Transit employee killed in shooting at DC subway station

WASHINGTON — A gunman killed a transit employee and wounded three others Wednesday morning in a standoff on a bus and later at a subway station in southeastern Washington, police said.

The employee was trying to protect a customer when he was killed, officials said. Bystanders later overpowered the gunman, who was taken into custody at the police station, police said.

The spate of violence began shortly after 9 a.m. when the attacker brandished a weapon in an altercation on a subway bus, then followed a passenger off the bus and shot him in the leg, according to police.

The gunman then walked down the escalator into the Potomac Avenue subway station and encountered a person buying a ticket, who he shot in the leg after another altercation, police said.

The attackers then walked towards the platform and confronted a woman, authorities said. A transit employee attempted to “intervene to protect this young lady,” Metropolitan Police Department Executive Assistant Commissioner Ashan M. Benedict said at a news conference.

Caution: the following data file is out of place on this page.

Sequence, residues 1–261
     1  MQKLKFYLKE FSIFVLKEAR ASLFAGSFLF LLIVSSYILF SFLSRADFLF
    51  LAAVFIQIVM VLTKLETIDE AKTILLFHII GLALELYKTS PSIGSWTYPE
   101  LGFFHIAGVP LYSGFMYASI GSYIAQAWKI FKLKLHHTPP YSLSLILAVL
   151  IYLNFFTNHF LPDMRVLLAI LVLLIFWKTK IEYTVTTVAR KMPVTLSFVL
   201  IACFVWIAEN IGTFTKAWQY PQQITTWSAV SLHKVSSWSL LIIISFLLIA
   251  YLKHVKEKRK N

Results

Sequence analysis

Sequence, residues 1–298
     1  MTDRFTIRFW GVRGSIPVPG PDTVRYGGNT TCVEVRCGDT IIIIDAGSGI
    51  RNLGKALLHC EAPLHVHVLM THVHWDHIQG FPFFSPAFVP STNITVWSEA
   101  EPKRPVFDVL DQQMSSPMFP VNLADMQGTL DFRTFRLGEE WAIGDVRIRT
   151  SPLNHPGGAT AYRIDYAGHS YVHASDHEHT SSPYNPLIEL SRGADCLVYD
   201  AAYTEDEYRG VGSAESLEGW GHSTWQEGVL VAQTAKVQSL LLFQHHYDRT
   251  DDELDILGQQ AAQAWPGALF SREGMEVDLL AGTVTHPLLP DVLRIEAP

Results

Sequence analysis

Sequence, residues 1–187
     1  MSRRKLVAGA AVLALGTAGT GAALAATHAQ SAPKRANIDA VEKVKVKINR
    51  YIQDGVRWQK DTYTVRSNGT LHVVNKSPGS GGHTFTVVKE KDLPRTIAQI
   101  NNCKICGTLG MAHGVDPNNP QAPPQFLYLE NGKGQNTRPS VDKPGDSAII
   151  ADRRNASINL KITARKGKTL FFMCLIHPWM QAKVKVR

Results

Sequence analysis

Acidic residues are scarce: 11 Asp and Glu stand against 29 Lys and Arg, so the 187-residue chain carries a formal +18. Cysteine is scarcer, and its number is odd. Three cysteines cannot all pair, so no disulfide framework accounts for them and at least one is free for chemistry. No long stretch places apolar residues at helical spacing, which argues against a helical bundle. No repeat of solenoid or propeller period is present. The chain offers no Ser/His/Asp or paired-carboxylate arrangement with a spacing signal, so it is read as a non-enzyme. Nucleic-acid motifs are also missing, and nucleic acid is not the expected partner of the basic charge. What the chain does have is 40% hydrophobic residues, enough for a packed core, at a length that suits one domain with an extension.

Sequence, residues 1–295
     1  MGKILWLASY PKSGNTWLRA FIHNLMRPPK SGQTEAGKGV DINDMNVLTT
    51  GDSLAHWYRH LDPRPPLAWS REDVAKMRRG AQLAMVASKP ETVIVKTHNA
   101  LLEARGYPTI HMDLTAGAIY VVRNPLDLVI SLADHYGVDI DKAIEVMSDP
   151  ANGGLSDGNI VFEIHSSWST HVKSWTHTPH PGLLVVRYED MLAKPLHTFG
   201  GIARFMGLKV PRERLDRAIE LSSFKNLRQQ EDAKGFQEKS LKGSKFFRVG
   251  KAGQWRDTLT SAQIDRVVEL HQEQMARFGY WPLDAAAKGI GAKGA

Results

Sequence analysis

“By doing this, he would be shot immediately by our shooters,” the chief said. The employee was later identified as Robert Cunningham, 64, a mechanic for Metro Electric.

“His heroism must be recognized here today,” Chief Benedict said.

The second transport worker was apparently able to de-escalate the situation, police said. At one point, the gunman boarded a train at the station but then disembarked and was overpowered by bystanders before being taken into custody, according to police.

In addition to Mr. Cunningham and two others were shot in the leg and another was wounded in the hand, authorities said.

Mayor Muriel Bowser said: “At this point we know very little about the shooter, other than that there was a man with a gun who wrought yet another tragedy in our city.”

Public transit crime has posed a problem for leaders of cities across the country during the pandemic, with high-profile incidents that could prevent commuters from returning to the trains, buses and subways they relied on before the coronavirus disrupted daily life .

“This is not a safety issue specific to the subway,” said Randy Clark, general manager of the Washington Metropolitan Area Transit Authority, or Metro for short. “It’s an issue of gun violence in America, and I think it’s becoming more and more evident across America.”

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